This Place and Time
By Tina Castañares
Sound of a duck’s wings.
Spill of green
along the blue sky high-
way down beneath the cottonwoods,
the maples and the oaks
between, the pond’s face
littered by the fluff and seeds
of cattail, dandelion, salsify.
Red-stemmed feral berry
vines are snaking, snagging through
the brushy rim.
There go the ducks
stuffed with cracked corn,
throats shuddering to get it
down and safely stored,
tipping in the water,
standing on it, flapping noisily
to clean their iridescent
feathers. Odell Creek is bubbling
to the gully just below.
Ducks still wetly flutter.
Wild iris rooted at the edge
was finished months ago with
yellow spring regalia and
months from now will be
but huddled waiting clumps
under the snow.
It’s breezy, softly, lightly gusty
moving, blowing gently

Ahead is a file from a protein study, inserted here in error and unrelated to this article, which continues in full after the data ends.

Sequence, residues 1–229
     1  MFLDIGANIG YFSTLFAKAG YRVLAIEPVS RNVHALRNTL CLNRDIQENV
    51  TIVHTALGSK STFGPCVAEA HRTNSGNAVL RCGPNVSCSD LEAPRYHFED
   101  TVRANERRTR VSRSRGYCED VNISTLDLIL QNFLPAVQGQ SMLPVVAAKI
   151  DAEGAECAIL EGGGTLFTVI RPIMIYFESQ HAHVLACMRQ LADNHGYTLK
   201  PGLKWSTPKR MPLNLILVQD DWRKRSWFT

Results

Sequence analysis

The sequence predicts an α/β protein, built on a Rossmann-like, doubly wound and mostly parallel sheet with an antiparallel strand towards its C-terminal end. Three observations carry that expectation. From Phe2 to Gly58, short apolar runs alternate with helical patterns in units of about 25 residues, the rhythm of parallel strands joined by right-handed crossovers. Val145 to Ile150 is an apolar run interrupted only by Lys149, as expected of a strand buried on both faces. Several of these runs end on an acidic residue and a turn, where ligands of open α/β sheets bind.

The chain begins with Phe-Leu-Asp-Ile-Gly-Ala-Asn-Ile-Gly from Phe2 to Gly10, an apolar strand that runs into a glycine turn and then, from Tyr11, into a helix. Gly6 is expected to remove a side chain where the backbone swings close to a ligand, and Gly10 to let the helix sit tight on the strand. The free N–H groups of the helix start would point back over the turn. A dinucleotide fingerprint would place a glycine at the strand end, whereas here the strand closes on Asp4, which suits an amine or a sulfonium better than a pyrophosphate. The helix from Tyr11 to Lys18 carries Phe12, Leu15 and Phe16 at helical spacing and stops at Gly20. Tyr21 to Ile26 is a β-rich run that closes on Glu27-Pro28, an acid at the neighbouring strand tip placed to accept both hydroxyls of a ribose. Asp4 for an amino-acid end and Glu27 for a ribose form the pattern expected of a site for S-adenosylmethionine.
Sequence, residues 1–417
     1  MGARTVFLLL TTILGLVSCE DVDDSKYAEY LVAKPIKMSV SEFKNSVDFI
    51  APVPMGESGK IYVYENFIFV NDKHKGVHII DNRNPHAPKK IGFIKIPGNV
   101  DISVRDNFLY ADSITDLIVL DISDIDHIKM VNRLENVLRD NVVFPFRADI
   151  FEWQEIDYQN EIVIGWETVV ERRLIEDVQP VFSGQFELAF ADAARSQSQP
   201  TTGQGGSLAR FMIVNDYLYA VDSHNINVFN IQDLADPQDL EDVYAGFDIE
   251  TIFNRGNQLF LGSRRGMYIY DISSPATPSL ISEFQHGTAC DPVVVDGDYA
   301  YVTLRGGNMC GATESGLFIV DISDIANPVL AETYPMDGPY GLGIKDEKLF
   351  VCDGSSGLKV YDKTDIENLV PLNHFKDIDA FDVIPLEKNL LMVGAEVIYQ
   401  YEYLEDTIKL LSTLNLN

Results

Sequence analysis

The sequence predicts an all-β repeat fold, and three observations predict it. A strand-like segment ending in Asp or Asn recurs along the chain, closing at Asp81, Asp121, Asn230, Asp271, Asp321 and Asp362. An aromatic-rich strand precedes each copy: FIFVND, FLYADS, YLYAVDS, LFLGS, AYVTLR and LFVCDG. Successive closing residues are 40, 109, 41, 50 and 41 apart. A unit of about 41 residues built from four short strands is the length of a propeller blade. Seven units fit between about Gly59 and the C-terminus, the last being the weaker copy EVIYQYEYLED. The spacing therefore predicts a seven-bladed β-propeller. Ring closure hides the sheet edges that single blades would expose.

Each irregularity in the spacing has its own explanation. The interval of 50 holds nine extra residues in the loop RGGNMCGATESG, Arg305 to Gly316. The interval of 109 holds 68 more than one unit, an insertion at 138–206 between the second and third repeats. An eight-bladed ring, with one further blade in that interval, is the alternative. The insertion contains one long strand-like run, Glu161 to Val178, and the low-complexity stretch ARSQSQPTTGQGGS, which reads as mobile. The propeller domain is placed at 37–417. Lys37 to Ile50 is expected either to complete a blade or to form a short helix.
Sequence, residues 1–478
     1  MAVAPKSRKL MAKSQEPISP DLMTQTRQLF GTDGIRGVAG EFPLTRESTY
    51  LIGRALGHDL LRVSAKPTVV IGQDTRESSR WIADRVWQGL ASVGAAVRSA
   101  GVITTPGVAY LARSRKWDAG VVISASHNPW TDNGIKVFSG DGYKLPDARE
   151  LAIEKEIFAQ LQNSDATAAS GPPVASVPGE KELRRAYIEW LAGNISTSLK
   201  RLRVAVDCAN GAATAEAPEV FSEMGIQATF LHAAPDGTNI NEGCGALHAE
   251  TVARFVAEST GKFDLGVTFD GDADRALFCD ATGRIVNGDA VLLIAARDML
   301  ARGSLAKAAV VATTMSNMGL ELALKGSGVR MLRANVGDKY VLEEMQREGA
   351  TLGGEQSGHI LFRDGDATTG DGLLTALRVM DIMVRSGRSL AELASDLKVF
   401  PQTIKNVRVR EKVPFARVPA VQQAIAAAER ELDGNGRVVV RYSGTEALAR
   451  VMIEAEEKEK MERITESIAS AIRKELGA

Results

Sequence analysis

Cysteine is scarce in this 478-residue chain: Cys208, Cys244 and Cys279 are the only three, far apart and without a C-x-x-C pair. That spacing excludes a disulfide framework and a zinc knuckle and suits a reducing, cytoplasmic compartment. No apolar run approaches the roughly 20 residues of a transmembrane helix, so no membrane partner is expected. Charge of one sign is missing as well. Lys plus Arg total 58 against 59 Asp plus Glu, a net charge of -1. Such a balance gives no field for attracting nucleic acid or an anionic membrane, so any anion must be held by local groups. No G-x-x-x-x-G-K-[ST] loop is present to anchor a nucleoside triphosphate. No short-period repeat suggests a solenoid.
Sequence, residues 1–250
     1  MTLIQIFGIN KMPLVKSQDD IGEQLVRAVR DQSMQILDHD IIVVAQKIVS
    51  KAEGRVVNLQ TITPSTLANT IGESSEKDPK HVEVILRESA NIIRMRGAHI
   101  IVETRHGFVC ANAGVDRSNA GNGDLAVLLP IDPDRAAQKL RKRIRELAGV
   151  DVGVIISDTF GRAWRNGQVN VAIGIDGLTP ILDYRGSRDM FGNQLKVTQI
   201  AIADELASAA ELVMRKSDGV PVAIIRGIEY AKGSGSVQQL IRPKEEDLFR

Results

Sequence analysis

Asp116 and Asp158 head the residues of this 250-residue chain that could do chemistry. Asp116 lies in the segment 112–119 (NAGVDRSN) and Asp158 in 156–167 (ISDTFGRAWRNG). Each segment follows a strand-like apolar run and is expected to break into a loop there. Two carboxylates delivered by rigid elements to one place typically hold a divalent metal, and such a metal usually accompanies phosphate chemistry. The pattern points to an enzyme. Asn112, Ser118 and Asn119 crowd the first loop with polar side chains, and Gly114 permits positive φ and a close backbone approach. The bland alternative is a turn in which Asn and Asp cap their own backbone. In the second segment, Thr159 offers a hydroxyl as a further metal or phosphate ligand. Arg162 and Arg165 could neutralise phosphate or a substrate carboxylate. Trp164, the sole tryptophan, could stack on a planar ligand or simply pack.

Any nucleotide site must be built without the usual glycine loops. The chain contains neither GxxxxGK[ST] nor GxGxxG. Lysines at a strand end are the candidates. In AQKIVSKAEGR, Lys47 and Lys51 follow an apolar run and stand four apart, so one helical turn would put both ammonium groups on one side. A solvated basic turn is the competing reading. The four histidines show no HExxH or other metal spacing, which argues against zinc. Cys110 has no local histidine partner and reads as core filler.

so as not to daunt the honeybees from
feeding at the last remaining
weedy flowers. Flies and ants,
white butterflies as stubby as my thumb,
show summer hasn’t ended.
Things of humankind are present
too—a weathered wooden shop,
a broken tabletop and
ladder leaned against it,
a stovepipe rusting where it stands,
wind chimes playing in the south, old
cars junked over by the banks.
A duck is rustling once more at its bath.
Nothing feels threatened here, not
pond or duck, not tree or bush or
berry, weed or bee,
not hand of man or favored
or forgotten objects, not even
that tall leaning oak which won’t
begin to topple to the creek within
Elsewhere and far away
the wind is heaping up the sea,
the rains are overtopping rivers.
Fauna flee as best they can,
and flora await drowning.
One day those very places
will prove refuge from the forces.
And my little grassy perch
in all its simple, mostly quiet seasons
will have disappeared
underneath ash, blanketed by lava,
scraped away by ice, thrust below
the sea floor and extruded by volcanos.
Different winds and waters will
flow past where it once was.
For now the ducks are sleeping,
heads tucked in their freshened wings,
eyes softly, confidently closed.
Tina Castañares is a 59-year-old poet and physician from Odell, Oregon, who has been writing creatively since her childhood. Her poems have been published in several journals and anthologies. She hopes to write creative nonfiction in her retirement.